I was quoted $10 each for them and found cxrays for $3.34. At $10 each I'd spending significantly more on spokes than the nice hubs I was threading them through.

Hi Duck!, you're saying grease the threads and nipple seats on all spokes not just the rear driveside? I 'spose if the wheel is evenly built and there's no twists in the spokes there's no reason for them to undo?

For reference I'm building DuraAce hubs to Lightbicycle 65mm x 25mm carbon rims, front 24 spoke 2 cross, rear 28 spoke 3 cross. I'm hoping to achieve something that's a bit fast, stiff and reliable. Any comments on this plan?

Thanks again for the advice, it's very much appreciated,
Peter

User avatar
queequeg
Posts: 4816
Joined: Thu Dec 17, 2009 10:09 am

Re: Spoke related wheel building questions....

Postby queequeg » Thu Dec 07, 2017 2:35 pm

Duck! wrote:
queequeg wrote:DT Swiss offers all sorts of funky nipples these days. For my last build I went with the DT Swiss "Squorx" head nipples. Why? Because they are so easy to work with when building the wheel. No need for a nipple driver and mucking about with trying to get the thing into a tiny little slot. Yes, you need to get the DT Swiss Squorx tool, but it was well worth it. I have ordered Squorx nipples for the build I am about to do (as soon as my spokes arrives)

The major point of a nipple driver is that it ensures all nipples are screwed on to the same depth from the start, which makes each subsequent round of tensioning as accurate as it can be. Unless the Squorx tools have a central pin to disengage the tool from the nipple at the set depth, they cannot set you up for that first-stage accuracy that a nipple driver will give.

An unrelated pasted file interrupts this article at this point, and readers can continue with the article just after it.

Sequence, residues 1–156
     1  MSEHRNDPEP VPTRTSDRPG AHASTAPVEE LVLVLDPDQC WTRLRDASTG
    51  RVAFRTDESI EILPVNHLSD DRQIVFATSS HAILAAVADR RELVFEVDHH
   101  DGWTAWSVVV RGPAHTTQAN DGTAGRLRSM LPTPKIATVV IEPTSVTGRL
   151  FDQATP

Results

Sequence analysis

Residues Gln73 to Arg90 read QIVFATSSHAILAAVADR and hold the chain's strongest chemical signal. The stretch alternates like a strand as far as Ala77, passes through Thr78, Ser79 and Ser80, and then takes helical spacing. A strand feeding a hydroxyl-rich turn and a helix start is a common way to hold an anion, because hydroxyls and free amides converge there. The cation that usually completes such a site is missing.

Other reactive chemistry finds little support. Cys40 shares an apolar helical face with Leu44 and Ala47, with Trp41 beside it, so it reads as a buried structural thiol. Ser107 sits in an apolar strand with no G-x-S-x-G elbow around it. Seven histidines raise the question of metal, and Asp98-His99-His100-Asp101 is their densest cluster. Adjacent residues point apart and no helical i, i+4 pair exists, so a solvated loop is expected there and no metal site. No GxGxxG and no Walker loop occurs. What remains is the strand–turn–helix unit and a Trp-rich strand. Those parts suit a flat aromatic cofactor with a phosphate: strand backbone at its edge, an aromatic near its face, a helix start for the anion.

Yes, that is correct, the nipple driver will stop you screwing the nipples down any further than the tip of the nipple driver, so the nipples are all at exactly the same starting point for tensioning.
The Dt Swiss Squorx/Hex/Square heads don't have any of that. It doesn't stop you using other methods. What I do is screw all the nipples onto the spokes just until all the thread vanishes inside the nipple body. That is far quicker to get to the starting point of the tensioning process.
'11 Lynskey Cooper CX, '00 Hillbrick Steel Racing (Total Rebuild '10), '15 Cervelo S5

User avatar
queequeg
Posts: 4816
Joined: Thu Dec 17, 2009 10:09 am

Re: Spoke related wheel building questions....

Postby queequeg » Thu Dec 07, 2017 2:45 pm

thecaptn wrote:Thanks for the replies,

I'm pretty sure the Aerolites are the better choice for my build, do you mind if I ask where you bought yours from queequeg?

I was quoted $10 each for them and found cxrays for $3.34. At $10 each I'd spending significantly more on spokes than the nice hubs I was threading them through.

Hi Duck!, you're saying grease the threads and nipple seats on all spokes not just the rear driveside? I 'spose if the wheel is evenly built and there's no twists in the spokes there's no reason for them to undo?

For reference I'm building DuraAce hubs to Lightbicycle 65mm x 25mm carbon rims, front 24 spoke 2 cross, rear 28 spoke 3 cross. I'm hoping to achieve something that's a bit fast, stiff and reliable. Any comments on this plan?

Thanks again for the advice, it's very much appreciated,
Peter


Get your spokes from Bike24. $10 per spoke is just insanity. Like I said, current price for them is $3.78 each (does not include the nipples). Buy some extra ones as spares for later use as well, so you avoid any issues waiting for spokes if you break one in a years time.